Mystery Group Puts $13 Million Into Ads on Surprise Health Bills (2)
- Buys seen ‘warning’ vulnerable senators against setting rates
- ‘Dark money’ allows donors to remain shrouded in secrecy
(Adds new ad buy in Maine in 18th paragraph. Earlier version was corrected to fix reference to law firm in the ninth paragraph.)
A shadowy group has spent more than $13 million since July advertising in states with vulnerable senators to oppose legislation that would rein in medical bills that take patients by surprise.
The campaign by a group calling itself Doctor Patient Unity, playing out on television, radio, and on social media in more than 20 states, is helping muddy the congressional debate over how to combat surprise medical bills and could make it harder to pass legislation this year, congressional aides familiar with the issue said in interviews, speaking on condition of anonymity.
Click here to view a video of one of the ads.
The ad buys represent the most-expensive campaign on any health-related topic Congress has taken on this year, according to data from Advertising Analytics and Federal Communications Commission filings. That they’re targeting lawmakers up for re-election in 2020 sends the message that deep-pocketed interests are paying attention to how lawmakers vote on the issue.
“Ads like these with large budgets behind them effectively serve as a warning that even more money could be used to unseat the legislator if they vote the opposite way,” said Erika Franklin Fowler, who directs the Wesleyan Media Project, which tracks and analyzes political advertising in real time during elections.
The group has made seven-figure advertising purchases in seven states and six-figure buys in six more states. They all warn against “rate setting” and the group’s websiteurges listeners to contact lawmakers to oppose “stand up to the insurance industry and demand they pay for their fair share.”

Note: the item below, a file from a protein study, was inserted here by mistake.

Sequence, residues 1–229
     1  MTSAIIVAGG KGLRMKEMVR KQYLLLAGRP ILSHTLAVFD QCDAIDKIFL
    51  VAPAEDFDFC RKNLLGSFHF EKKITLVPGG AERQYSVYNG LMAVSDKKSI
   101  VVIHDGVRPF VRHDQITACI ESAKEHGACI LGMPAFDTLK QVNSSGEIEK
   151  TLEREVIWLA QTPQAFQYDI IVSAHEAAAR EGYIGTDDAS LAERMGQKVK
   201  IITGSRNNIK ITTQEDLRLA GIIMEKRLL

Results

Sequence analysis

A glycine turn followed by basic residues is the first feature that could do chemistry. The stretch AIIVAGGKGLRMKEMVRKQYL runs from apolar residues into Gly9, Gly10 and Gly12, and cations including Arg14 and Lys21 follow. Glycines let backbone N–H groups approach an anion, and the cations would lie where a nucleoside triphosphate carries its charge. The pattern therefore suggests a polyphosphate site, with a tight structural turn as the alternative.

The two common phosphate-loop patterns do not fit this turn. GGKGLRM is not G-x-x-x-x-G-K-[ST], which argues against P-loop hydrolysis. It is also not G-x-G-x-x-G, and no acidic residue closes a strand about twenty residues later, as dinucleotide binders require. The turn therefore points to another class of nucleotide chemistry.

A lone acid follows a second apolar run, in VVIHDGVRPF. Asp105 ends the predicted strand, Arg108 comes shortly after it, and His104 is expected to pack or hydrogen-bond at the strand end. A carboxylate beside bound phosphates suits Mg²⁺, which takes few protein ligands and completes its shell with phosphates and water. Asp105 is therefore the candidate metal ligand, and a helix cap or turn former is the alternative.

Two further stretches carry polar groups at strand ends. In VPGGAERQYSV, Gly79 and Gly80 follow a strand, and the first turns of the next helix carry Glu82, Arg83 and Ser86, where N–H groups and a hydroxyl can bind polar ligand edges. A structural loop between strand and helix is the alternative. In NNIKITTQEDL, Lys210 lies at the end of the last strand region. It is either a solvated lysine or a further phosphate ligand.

Who is ultimately paying for these ads is shrouded in secrecy. The television ads are known as “issue ads” and therefore don’t require Federal Election Commission disclosure.
The ads are all being bought either by Del Cielo Media of Alexandria, Va., or its parent company, Smart Media Group, also of Alexandria, according to FCC filings. Both companies didn’t return repeated messages seeking comment.
Del Cielo has been linked to Republican campaigns. The group bought ads for political action committees opposing Democratic candidates such as Phil Bredesen, the former Tennessee governor who lost a Senate bid to Republican Marsha Blackburn in 2018, according to FCC filings. Del Cielo got more than $1.2 million from a political action committee favoring President Donald Trump, according to filings with the Federal Election Commission.
Doctor Patient Unity was formed as a corporation in Virginia by a limited liability company with the same address as the firm Holtzman Vogel Josefiak Torchinsky, according to state business filings. The law firm provides “strategic counsel and compliance advice” to entities involved in political and policy affairs, according to its website.
Rural Law Firm Helps Secret Campaign Donors Hide Identities
By using middlemen such as media buyers and corporation creators, the entities funding the ads can conceal their identities.
“One of the issues with the ‘dark money’ groups is that, by design, the identity of donors are intended to remain hidden,” said Anna Massoglia, a researcher at the Center for Responsive Politics.
Fight Over Medical Billing